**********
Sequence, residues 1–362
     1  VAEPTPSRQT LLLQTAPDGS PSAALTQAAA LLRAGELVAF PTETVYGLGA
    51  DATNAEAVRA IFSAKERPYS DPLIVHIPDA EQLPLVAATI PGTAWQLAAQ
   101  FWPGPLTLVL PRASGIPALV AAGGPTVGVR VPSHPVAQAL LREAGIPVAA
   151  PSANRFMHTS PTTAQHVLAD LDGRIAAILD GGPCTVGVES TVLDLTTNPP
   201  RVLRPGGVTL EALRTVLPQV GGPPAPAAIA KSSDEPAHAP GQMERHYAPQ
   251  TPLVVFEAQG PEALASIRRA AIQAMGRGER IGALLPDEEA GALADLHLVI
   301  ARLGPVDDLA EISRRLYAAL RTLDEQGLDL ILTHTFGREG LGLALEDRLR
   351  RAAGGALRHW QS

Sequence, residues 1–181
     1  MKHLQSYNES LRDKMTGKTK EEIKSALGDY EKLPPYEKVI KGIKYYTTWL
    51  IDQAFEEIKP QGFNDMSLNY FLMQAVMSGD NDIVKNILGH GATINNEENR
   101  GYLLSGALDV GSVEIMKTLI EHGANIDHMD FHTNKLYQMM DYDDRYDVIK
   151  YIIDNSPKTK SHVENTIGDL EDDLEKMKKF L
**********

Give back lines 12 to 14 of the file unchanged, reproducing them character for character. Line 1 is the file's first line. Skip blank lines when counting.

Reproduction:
    51  IDQAFEEIKP QGFNDMSLNY FLMQAVMSGD NDIVKNILGH GATINNEENR
   101  GYLLSGALDV GSVEIMKTLI EHGANIDHMD FHTNKLYQMM DYDDRYDVIK
   151  YIIDNSPKTK SHVENTIGDL EDDLEKMKKF L